Artists in Context is unusual in its design and mission. Tell us about the need it fills and how the organization operates.
Artists in Context (AIC) was founded to support the collaborative practices of artists who engage with experts in other fields to invent new ways of thinking about the critical issues society faces. We identified eight themes--Nature, Health, Consumption, Justice, Learning, Belief, Shelter and Nation--around which to organize the artistic production. These issues are complex, and in society there is a dearth of space to deal with complexity, reimagine the status-quo, or cultivate a sense of individual or collective agency over these issues. We became interested in the work of collaborating artists who were opening that space and creating the new frameworks and platforms for us to re-imagine our future.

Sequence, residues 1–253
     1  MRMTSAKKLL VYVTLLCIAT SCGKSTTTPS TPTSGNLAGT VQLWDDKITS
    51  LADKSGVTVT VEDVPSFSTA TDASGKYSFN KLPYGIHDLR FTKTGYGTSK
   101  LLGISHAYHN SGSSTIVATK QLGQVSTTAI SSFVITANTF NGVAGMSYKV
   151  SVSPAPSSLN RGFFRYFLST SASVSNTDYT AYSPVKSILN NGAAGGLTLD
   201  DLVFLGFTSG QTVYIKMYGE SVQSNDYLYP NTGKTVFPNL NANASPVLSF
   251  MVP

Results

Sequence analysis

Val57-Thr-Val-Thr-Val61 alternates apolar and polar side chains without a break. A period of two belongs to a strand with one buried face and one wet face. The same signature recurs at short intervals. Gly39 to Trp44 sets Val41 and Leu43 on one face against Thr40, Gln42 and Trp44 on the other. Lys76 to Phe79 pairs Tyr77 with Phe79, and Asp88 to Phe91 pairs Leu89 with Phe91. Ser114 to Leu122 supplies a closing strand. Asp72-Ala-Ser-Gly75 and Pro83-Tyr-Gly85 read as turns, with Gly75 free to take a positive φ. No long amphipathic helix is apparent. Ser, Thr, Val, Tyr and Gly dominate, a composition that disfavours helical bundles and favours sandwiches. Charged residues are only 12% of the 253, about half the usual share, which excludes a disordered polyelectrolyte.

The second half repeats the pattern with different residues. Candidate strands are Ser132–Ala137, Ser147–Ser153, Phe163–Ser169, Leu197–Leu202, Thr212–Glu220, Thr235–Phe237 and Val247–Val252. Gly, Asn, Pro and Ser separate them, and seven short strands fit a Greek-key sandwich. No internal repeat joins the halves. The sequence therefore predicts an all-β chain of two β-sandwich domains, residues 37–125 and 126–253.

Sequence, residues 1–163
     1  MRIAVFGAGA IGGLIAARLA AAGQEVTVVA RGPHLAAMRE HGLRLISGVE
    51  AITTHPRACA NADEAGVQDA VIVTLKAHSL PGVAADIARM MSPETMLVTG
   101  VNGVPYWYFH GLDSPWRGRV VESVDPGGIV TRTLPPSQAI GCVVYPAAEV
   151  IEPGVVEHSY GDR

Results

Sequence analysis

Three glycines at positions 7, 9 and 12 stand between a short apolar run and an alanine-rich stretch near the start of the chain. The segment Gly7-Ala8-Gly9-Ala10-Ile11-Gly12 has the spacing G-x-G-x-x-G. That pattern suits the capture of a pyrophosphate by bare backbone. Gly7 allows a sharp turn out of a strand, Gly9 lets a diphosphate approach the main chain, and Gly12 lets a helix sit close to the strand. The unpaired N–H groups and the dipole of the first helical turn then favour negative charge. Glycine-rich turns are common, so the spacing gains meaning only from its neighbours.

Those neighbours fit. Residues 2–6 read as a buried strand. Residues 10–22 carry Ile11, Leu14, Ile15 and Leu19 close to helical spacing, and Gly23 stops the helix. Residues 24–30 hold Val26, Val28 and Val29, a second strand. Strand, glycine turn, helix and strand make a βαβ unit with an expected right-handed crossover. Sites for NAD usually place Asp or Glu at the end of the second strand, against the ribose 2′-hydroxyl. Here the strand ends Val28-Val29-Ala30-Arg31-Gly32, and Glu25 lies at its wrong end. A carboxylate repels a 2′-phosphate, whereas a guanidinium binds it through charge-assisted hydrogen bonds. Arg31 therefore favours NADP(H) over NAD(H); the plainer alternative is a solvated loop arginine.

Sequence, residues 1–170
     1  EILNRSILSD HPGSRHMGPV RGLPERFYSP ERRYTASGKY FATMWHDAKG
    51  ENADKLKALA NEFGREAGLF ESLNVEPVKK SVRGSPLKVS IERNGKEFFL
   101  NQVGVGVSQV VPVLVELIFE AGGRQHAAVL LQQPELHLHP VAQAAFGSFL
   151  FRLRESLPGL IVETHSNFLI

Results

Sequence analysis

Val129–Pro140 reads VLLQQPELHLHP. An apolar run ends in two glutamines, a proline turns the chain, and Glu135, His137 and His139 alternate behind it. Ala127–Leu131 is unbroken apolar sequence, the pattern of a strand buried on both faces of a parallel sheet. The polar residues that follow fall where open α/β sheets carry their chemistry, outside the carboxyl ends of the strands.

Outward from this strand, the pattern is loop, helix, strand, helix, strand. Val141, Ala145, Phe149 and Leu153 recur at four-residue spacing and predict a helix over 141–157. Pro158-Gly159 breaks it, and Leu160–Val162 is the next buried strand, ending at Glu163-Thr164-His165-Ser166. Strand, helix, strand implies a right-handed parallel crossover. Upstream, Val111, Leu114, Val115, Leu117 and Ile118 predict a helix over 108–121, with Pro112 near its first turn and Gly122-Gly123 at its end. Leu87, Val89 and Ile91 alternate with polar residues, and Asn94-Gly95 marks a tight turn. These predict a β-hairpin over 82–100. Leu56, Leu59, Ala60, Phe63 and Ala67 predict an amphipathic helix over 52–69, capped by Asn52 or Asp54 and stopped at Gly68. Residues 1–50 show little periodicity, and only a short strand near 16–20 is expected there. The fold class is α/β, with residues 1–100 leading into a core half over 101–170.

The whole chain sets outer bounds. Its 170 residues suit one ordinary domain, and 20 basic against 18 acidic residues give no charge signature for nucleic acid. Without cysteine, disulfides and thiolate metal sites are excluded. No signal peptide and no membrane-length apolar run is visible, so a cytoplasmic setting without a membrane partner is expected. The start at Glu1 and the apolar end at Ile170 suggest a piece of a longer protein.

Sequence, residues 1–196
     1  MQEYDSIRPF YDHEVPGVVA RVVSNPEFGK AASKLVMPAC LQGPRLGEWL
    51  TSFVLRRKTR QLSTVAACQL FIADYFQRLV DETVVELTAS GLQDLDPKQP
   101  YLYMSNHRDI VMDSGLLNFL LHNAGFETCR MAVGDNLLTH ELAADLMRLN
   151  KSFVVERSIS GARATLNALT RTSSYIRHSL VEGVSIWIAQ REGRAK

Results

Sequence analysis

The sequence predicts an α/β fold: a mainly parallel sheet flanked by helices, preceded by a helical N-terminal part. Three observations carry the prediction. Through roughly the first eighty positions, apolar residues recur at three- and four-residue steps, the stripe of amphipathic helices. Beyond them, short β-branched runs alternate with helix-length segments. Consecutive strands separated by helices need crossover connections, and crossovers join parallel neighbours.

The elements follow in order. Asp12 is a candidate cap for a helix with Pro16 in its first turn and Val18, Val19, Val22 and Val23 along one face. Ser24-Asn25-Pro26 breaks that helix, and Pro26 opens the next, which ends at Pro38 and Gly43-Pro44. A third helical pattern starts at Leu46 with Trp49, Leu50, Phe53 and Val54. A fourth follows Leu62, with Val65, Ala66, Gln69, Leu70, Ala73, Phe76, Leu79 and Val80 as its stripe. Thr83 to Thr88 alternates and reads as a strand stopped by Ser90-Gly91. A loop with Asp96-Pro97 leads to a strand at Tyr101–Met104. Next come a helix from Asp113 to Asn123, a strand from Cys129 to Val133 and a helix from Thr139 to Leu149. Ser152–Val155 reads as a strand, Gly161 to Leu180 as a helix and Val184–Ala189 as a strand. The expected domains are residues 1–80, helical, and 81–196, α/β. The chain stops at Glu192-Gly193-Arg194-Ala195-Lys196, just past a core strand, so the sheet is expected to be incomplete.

AIC wanted to create a supportive environment for this work, which included a three-year initiative entitled Connected and Consequential, a series of programs, events, workshops and conferences to increase understanding of the practice, instigate inspiration, and add to the building blocks that will undergird the development of this field. We are currently focused on the Artists’ Prospectus for the Nation, an online collection of exemplary projects that demonstrates the way in which artists are insinuating themselves into other areas of knowledge production and organizational systems such as science, medicine, sociology, and politics in order to develop meaningful and systemic platforms for change.